A central entrance hall, the floor covered in black cabochon stone tiles, leads to the kitchen and the rooms for entertaining. Towards the back, a venerable staircase with oak steps and a wrought-iron newel post topped with a glass orb marks the interior of a notable home. Behind the staircase, there is a linen cupboard. The kitchen, to the left upon entering, is long and narrow. However, its vast volumes provide enough room for a large table to accommodate a host of eaters. Despite its modern layout, it has conserved the pleasantness of old country kitchens. On the other side of the entrance, three adjoining rooms with hardwood floors form the centre of the house. Light is the keyword for these three rooms, which in total have seven windows including a set of French doors. First, a large living room with half-height panelling, a Restoration-style marble fireplace topped with a small trumeau mirror and a sculpted frieze. Next, is a spacious dining room with olive-green wall panelling, a white and chestnut-flecked marble fireplace and wooden radiator covers. Lastly, the small sitting room-library stands out from the other rooms for entertaining through its unpainted, natural oak panelling. Here too, there is a white and black-flecked marble fireplace. This was the office of the poet Jean Tardieu who lived here with his family and friends. In addition to the rooms for entertaining, there is a sitting room and a small lounge each with their own marble fireplace. These comfortable and inviting rooms, smaller in size, and ideal for the winter months, allow one to get away and escape the daily hubbub. Finally, there is a bedroom with an ancient terracotta tile floor, which is hidden behind a small door.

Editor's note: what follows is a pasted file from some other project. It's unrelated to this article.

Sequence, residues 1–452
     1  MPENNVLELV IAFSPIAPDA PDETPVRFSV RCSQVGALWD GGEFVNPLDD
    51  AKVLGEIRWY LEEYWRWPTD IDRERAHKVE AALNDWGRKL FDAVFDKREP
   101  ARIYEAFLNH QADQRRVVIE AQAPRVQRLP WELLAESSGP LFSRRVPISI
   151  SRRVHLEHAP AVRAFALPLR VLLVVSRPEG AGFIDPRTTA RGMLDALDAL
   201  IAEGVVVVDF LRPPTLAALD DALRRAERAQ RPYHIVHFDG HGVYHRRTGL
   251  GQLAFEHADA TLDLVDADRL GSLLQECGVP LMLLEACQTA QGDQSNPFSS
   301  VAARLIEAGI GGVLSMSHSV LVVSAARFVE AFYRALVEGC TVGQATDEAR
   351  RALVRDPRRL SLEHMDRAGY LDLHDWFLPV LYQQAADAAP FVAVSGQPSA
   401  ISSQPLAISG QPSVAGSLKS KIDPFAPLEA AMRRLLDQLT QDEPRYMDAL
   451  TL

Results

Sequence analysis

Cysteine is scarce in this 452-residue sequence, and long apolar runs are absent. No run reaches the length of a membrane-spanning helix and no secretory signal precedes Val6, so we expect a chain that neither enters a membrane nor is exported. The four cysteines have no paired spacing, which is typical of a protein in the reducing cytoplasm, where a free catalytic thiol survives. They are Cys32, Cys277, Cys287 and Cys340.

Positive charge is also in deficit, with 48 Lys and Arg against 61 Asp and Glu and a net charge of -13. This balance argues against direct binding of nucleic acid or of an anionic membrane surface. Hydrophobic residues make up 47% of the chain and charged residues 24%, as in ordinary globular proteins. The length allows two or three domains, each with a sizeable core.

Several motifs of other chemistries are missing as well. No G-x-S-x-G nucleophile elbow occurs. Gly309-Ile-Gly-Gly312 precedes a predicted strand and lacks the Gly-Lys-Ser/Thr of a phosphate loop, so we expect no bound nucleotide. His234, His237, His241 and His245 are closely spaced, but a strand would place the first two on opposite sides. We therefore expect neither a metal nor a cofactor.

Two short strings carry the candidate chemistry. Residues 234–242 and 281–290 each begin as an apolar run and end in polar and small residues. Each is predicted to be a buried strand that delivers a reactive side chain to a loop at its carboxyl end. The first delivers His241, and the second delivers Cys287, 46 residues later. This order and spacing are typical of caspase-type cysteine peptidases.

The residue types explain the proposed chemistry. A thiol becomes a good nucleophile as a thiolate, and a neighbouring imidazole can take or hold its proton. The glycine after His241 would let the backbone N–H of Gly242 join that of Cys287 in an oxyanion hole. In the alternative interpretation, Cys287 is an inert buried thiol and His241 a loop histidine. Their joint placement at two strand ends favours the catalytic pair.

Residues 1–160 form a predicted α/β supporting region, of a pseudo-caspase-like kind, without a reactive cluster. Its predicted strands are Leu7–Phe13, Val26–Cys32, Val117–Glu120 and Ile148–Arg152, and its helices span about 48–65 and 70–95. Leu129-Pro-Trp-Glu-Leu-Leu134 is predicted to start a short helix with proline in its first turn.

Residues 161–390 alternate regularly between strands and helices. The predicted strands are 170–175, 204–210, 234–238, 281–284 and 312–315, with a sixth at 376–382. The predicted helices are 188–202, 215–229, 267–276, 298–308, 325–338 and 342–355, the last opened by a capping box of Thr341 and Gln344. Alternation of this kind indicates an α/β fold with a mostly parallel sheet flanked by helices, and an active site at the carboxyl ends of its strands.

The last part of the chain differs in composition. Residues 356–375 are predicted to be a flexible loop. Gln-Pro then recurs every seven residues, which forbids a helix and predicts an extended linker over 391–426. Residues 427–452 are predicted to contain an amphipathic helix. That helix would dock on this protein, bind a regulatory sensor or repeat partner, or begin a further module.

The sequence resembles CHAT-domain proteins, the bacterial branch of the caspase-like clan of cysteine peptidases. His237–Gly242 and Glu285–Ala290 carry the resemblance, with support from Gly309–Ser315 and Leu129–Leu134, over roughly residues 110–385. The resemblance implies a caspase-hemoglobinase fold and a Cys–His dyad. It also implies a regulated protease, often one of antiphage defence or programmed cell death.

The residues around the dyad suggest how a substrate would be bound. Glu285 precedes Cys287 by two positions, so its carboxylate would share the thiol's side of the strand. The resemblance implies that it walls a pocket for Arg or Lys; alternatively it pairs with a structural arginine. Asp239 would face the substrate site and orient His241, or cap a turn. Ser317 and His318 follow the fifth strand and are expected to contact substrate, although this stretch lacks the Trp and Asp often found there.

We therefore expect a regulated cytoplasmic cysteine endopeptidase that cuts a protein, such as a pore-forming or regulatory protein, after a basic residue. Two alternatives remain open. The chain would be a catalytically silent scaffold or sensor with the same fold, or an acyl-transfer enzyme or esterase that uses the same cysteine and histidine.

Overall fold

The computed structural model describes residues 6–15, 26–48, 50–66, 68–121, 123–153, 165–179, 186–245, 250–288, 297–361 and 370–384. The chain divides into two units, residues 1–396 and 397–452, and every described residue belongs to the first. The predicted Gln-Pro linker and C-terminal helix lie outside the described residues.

The first floor